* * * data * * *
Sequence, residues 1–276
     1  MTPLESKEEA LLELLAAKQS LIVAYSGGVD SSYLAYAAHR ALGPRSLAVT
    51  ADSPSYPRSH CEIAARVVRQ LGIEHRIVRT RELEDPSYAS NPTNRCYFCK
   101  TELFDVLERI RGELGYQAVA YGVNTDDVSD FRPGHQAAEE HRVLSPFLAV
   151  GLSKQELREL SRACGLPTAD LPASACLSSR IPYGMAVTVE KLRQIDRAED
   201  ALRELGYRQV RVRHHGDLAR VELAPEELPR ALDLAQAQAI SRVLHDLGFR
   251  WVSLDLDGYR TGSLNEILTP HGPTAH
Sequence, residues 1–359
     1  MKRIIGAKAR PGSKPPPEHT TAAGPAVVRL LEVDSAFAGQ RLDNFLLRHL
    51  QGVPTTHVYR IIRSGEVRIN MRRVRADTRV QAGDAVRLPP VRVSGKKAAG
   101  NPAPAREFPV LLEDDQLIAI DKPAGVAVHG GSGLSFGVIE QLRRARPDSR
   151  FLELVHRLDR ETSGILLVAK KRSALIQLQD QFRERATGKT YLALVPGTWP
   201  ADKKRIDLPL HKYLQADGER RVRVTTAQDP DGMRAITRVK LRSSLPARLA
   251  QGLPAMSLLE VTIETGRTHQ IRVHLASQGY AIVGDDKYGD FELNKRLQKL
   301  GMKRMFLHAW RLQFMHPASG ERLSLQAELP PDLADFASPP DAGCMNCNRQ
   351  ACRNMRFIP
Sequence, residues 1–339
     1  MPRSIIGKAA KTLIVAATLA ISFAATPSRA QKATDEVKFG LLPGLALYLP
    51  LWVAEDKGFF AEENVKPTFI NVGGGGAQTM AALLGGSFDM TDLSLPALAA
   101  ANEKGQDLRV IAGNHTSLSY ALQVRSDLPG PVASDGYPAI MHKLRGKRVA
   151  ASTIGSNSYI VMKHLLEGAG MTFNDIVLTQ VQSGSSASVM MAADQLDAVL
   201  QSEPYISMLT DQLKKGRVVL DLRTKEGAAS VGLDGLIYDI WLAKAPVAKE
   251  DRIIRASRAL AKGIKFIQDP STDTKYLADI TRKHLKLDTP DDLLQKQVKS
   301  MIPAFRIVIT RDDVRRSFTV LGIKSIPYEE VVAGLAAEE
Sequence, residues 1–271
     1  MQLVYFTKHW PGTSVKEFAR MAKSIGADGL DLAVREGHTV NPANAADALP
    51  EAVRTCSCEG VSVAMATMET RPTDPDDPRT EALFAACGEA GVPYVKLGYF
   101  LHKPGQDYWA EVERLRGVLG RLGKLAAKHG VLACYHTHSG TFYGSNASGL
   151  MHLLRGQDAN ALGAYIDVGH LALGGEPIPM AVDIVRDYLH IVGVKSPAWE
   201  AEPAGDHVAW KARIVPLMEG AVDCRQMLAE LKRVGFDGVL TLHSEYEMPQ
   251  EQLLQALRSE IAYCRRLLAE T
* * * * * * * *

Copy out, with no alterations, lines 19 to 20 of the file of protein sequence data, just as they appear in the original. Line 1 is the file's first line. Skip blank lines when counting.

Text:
    51  LWVAEDKGFF AEENVKPTFI NVGGGGAQTM AALLGGSFDM TDLSLPALAA
   101  ANEKGQDLRV IAGNHTSLSY ALQVRSDLPG PVASDGYPAI MHKLRGKRVA